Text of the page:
Now let’s travel to East Asia, a region that is entirely new to me in terms of dance. I’ve learned more about its dance traditions though my very dear Korean friends at UIUC and some independent readings. For starters, Korean folk Dancereveals the many, varied influences that come together in Korean traditional dance, including elements from other countries and varied religions. Different moments in Korean history also display an impact on expression, not to mention varied contexts like communal agrarian contexts, religious celebrations and entertainment.
This book addresses Korean dances from as early as 200 BC until present day, when folk dance intentionally and actively preserves cultural heritage. In fact, certain dances from the Goryeo Dynasty (918-1392) and Joseon Dynasty (1392-1910) are currently protected by a cultural law issued in 1962. After Japanese colonial rule (1910-1945) and the strong influence of Western civilization after 1945, traditional Korean dance was in danger of disappearing. In this context, these dances officially became known as Important Intangible Cultural Heritage, a category that brought about legislation to preserve and train people in each dance form. This is the case for Seungmu, the monks’ dance, a type of folk dance performed by professional entertainers.
Seungmu, the Monks’ Dance. Photo credit: Lee Byoung-ok ; [translator Cho Yoon-jung]. “Korean folk dance”, Seoul, Korea : Korea Foundation, c2008
Now, going beyond folk dance, Korea currently has a rich development of modern and contemporary styles. Through Contemporary Dance Scenes of Korea, I discovered another angle of movement in that country. Modern and contemporary dance in Korea have experienced rich growth in recent years, which has included the reflection about a search for Korean identity, dialogues between traditional movements and contemporary experimentation, inner exploration, dialogues between eastern and western aesthetics, and an intense search for Korean symbols of femininity. Modern dance has been particularly important for current artists who faced violence and repression after the Korean War. As recently as 1978, only 22 performances took place in Korea, and from those, only three were contemporary dance and the other three were ballet. Currently, there is a National Contemporary Dance Company, which has an interesting global reach. Dance, therefore, has served for sharing memory, making statements and coming up with creative proposals about contemporary Korean culture, in dialogue with its recent and ancient past. Of course we cannot ignore perhaps the most popular dance form among contemporary Korean youth: K-Pop!! Check out some moves from this dance style.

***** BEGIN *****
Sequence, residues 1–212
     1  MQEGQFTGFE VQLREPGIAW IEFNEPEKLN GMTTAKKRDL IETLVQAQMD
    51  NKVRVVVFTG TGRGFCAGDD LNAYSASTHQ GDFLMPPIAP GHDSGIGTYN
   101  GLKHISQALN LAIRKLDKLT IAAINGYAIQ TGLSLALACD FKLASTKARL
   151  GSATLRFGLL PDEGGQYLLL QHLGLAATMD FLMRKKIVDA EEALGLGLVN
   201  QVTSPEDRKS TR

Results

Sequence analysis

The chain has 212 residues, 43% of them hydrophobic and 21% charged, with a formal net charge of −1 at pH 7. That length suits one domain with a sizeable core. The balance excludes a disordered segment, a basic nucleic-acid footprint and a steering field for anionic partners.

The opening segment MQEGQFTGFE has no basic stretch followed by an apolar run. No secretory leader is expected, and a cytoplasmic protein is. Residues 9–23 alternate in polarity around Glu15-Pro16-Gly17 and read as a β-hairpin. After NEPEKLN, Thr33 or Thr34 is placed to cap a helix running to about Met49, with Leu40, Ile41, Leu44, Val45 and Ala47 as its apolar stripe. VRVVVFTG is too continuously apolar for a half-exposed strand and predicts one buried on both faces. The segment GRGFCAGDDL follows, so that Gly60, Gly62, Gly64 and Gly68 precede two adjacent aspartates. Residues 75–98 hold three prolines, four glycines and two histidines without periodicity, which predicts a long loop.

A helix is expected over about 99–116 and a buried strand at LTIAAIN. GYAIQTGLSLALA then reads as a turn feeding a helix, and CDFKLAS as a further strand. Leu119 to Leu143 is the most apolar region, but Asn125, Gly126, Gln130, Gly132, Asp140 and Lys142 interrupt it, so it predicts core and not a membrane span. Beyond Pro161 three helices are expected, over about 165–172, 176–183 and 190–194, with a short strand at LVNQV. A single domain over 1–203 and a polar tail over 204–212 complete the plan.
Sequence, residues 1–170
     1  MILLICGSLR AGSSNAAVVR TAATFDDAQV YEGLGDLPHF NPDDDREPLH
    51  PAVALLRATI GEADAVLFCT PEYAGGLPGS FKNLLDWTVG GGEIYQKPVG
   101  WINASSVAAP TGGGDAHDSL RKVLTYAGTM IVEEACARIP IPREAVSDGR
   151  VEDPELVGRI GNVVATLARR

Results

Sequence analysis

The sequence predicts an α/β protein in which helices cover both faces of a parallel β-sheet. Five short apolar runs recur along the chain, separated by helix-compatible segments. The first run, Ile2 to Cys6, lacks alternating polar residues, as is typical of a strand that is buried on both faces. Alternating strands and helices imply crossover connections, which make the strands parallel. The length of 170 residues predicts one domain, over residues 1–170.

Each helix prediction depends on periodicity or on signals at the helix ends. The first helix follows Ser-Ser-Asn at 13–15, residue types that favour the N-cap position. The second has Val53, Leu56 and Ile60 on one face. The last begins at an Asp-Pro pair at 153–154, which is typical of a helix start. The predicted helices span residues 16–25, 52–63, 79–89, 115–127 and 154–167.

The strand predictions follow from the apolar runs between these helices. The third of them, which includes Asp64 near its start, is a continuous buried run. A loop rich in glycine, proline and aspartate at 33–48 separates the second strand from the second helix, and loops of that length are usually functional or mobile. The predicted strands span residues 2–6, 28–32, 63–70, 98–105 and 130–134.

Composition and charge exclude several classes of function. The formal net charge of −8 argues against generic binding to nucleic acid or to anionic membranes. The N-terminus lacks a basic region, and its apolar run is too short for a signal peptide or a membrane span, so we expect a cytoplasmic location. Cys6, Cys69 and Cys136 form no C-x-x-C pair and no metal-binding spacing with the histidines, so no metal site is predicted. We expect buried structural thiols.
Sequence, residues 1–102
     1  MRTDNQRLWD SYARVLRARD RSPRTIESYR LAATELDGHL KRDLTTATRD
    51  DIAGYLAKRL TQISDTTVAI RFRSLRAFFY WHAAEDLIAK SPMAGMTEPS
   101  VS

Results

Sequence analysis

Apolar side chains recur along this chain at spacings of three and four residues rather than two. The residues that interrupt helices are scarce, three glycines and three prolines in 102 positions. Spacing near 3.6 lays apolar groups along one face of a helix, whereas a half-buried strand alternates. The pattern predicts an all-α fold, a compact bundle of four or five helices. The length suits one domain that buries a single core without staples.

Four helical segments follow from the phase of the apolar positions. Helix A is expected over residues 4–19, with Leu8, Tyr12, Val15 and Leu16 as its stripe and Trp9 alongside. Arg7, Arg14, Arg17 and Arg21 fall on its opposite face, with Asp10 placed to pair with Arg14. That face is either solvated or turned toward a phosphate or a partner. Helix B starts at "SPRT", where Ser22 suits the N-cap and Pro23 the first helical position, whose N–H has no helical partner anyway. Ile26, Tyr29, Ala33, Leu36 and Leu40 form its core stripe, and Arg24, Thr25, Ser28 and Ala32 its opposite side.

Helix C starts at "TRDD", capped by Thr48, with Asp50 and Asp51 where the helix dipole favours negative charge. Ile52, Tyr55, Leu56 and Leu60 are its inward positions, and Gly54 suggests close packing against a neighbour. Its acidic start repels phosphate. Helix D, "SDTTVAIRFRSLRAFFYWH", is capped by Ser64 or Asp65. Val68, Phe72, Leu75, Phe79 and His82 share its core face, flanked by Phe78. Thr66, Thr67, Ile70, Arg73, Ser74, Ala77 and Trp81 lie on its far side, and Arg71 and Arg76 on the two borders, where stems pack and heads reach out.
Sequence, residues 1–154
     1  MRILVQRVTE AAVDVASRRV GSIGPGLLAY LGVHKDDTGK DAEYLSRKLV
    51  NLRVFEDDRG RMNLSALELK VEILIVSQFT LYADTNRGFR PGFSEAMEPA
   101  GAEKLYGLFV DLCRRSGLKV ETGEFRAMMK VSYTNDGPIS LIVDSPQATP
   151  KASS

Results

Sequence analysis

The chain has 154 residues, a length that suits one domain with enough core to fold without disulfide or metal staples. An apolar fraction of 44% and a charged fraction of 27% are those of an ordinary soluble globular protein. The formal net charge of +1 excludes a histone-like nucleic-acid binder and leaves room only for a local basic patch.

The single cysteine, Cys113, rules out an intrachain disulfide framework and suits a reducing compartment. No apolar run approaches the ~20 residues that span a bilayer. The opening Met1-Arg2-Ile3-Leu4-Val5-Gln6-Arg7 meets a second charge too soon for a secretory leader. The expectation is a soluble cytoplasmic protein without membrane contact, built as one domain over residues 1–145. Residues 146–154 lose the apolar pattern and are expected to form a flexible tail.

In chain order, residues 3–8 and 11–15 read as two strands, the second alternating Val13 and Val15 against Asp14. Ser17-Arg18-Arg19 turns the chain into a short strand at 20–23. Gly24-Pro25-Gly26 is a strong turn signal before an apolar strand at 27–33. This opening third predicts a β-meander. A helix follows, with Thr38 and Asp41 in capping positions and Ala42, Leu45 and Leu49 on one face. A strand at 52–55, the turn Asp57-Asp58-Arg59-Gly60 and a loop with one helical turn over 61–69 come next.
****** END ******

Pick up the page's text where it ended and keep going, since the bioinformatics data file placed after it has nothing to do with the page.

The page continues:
Photo credit: Cho, Tong-hwa, and Kim, Kyŏng-ae, “Contemporary dance scenes of Korea”, Seoul, Korea : Korean Information Service, 2001.
Spotlight: West Africa
Let’s jump to another continent now. Let’s talk about West African dance. Similar to what occurs with other cultural traditions, dance in West Africa developed and evolved as a very important component of communal life. As a main feature, West African dance is highly energetic, involving vigorous and simultaneous movements of the head, arms, legs and feet. Even with this feature, there is still a great variety in terms of genre including village and ballet.
In the case of dance from Guinea, village dancing is practiced in a circle where the community gathers around live drumming as a core component of the dance and community members enter and exit the circle at their will to improvise a dance. Other community members participating in the dance accompany the performance by clapping and cheering. The percussive instruments used for this dance style are the djembe and then a family of drums called the dununs.
West African dancers energetically perform on stage. Photo Credit: The University City District on the Philly Loves Drums website
Instead of the dancer responding to the drums, in this dance style, the main drummer or djembe soloist tries to follow the dancers’ feet to accent their movements and simultaneously maintain the tempo.
A West African dancer is featured, jumping in mid-air. Photo credit: Renee Rushing Photography
Mara Thacker provided a good deal of information about these styles: “Ballet style is choreographed…(it) has a different set up to the drums and the drummers will give a musical cue called “breaks” to signal to the dancers during a choreography….The dununs have three drums, the largest bass drum is the dundunba, the middle is the sangban, and the smallest is the kenkeni. In ballet style, the three are usually played as a set, which, in village style, each is played alone along with a cowbell that is attached to the top of the drum. There are other types of drums and instruments that are played, including the balafon which is much like a xylophone and the cora which is a stringed instrument.” Mara also highlighted that one of the most commonly taught African styles in the U.S. is “lamban“. Here is another lamban performance you can see.
And here is a piece of great news: You can practice West-African dance here at C-U! Mara and other local West African Dance enthusiasts have put together a practice space called the C-U West African Drum and Dance Collective, where Djibril Camara is the local teacher. The group organizes a yearly festival called “The Midwest Mandeng.” Thanks to them, every September master drum and dance instructors from Guinea, Mali, and Senegal come to Urbana-Champaign to teach workshops and give demonstrations. Mark your calendar for next year!